Quite a lot happened for the industry this week…
Setting aside the controversy within An Bord Pleanála, which is still unfolding, the Bord was the subject of a Currency.news feature this week, calling out “unimplemented institutional reforms, controversial government housing policies and relentless legal challenges”. At this stage, it is difficult to see how the proposed new planning and environmental court, which will be a division of the High Court, will be successful without reform at earlier stages of the planning system.
Broadly, it has been a good week for developers and for construction contractors. The Croí Cónaithe housing scheme, which will effectively subsidise less viable, qualifying, urban developments, came under fire but appeared to withstand political opposition .For further information, please click ‘Croí Cónaithe Explained’ .
From a delivery perspective, the most important announcement came when Minister for Public Expenditure Michael McGrath and the Cabinet agreed to provide funding to main contractors working on public projects in order to off-set rising inflation costs. It looks like there will be an element of retrospective inflation cost recovery on payments made on the projects since the start of the year.
On the ground, the most recently published Daft.ie report shows that there are now fewer properties across the country available to rent than ever recorded. There are only 851 rentals listed nationwide on the platform this week. This time last year, the available figure exceeded 3,500 (and that was a record low!). The most concerning statistic reveals an 81 percent decrease in Dublin rentals. There are now fewer than 470 properties available to rent in Dublin City and County.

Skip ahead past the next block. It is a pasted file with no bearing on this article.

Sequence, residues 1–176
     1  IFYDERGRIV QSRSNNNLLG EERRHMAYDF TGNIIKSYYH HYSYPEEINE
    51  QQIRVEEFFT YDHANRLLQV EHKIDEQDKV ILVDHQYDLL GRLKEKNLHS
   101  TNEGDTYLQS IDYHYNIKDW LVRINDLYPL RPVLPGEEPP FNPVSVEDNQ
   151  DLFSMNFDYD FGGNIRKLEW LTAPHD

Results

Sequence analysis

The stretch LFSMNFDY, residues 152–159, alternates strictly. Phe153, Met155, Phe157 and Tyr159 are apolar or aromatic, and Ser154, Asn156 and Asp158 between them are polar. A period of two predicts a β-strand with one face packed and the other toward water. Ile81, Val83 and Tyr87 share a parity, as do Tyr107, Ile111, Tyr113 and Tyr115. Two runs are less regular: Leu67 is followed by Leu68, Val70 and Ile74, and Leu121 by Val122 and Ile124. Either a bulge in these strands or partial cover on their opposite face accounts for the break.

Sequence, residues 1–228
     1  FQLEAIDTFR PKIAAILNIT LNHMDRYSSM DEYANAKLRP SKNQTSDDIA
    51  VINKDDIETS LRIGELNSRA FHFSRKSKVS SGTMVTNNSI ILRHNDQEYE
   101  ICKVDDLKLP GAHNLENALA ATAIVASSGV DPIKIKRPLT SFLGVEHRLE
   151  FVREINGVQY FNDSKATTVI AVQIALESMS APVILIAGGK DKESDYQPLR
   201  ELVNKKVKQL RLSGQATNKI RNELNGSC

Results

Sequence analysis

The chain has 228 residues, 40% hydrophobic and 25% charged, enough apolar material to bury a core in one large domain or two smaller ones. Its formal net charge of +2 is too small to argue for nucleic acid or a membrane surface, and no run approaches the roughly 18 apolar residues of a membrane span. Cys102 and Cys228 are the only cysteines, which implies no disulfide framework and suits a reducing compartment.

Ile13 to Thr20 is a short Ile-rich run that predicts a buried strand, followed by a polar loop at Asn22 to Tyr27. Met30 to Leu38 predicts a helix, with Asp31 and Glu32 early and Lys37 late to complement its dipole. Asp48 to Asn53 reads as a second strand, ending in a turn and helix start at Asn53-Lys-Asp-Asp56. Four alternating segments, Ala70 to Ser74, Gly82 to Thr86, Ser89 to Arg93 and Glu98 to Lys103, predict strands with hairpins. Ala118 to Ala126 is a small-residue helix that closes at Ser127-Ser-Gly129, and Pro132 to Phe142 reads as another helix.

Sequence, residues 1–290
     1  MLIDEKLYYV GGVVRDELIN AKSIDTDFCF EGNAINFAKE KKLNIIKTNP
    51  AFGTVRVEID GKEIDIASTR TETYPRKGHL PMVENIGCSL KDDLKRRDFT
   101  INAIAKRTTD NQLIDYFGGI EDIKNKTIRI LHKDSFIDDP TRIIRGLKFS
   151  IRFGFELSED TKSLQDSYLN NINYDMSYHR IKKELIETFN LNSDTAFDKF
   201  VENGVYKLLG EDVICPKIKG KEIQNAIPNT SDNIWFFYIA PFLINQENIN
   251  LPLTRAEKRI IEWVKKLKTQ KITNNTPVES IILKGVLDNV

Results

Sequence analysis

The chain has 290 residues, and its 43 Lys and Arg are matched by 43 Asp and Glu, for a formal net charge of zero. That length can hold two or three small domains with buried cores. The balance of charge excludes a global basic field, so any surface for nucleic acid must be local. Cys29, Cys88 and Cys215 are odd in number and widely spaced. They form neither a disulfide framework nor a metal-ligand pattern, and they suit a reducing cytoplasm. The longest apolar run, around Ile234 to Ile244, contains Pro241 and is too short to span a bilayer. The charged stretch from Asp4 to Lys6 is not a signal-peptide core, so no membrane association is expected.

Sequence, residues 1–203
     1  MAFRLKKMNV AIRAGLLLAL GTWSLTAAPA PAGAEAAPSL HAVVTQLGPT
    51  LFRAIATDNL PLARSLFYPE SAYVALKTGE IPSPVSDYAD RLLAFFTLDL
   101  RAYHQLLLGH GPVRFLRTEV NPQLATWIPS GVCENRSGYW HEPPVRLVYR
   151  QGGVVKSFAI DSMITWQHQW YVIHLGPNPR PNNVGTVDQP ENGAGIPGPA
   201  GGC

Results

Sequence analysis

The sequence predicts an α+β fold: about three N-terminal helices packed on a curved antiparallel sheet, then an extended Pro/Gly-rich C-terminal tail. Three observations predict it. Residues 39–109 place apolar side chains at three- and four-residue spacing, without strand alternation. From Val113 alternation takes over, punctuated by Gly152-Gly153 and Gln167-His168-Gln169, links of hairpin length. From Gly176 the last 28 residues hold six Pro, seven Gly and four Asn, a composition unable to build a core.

Also, the average monthly rental has increased by almost 12 percent, year on year, with rents now costing on average €1,567 per month nationwide, and €2,202 in Dublin. As predicted, the regions are experiencing a renaissance. The regional cities have recorded average rent increases of up to 16.2 percent. Unsurprisingly, the highest overall increase was seen in an area of the lowest base rents, Leitrim, where average rents increased by almost 25 percent.
One surprising aspect of the Daft.ie report was an analysis of rent increases for existing tenants – people who had not moved into new accommodation and are already leasing a property – and showed an average increase of 3.4 percent each year over the last 10 years. This is likely much higher than most in the industry might have expected. It is worth noting that these increases have been greater for sitting tenants in Dublin compared to tenants in other parts of the country.
With a range of supply-side initiatives coming down the track for developers and construction contractors, perhaps now is the right time to revisit tax incentives to keep landlords from exiting the rental market…
Lotus Investment Group